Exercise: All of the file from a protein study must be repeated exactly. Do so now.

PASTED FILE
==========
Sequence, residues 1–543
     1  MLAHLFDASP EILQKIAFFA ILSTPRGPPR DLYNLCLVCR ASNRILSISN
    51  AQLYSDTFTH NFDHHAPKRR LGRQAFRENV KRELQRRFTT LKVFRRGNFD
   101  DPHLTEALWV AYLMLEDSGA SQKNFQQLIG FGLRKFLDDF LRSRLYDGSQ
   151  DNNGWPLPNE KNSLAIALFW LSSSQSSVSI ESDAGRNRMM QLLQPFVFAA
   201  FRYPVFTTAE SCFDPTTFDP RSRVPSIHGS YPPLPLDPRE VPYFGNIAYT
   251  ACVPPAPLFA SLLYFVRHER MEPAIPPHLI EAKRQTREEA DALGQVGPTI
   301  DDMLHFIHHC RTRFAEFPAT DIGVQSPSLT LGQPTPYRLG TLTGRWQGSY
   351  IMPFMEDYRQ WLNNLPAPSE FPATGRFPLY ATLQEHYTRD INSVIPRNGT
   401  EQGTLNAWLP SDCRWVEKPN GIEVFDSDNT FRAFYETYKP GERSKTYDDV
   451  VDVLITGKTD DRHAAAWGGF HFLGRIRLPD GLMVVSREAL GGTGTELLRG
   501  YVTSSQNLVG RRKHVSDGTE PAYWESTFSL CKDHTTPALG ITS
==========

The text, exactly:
Sequence, residues 1–543
     1  MLAHLFDASP EILQKIAFFA ILSTPRGPPR DLYNLCLVCR ASNRILSISN
    51  AQLYSDTFTH NFDHHAPKRR LGRQAFRENV KRELQRRFTT LKVFRRGNFD
   101  DPHLTEALWV AYLMLEDSGA SQKNFQQLIG FGLRKFLDDF LRSRLYDGSQ
   151  DNNGWPLPNE KNSLAIALFW LSSSQSSVSI ESDAGRNRMM QLLQPFVFAA
   201  FRYPVFTTAE SCFDPTTFDP RSRVPSIHGS YPPLPLDPRE VPYFGNIAYT
   251  ACVPPAPLFA SLLYFVRHER MEPAIPPHLI EAKRQTREEA DALGQVGPTI
   301  DDMLHFIHHC RTRFAEFPAT DIGVQSPSLT LGQPTPYRLG TLTGRWQGSY
   351  IMPFMEDYRQ WLNNLPAPSE FPATGRFPLY ATLQEHYTRD INSVIPRNGT
   401  EQGTLNAWLP SDCRWVEKPN GIEVFDSDNT FRAFYETYKP GERSKTYDDV
   451  VDVLITGKTD DRHAAAWGGF HFLGRIRLPD GLMVVSREAL GGTGTELLRG
   501  YVTSSQNLVG RRKHVSDGTE PAYWESTFSL CKDHTTPALG ITS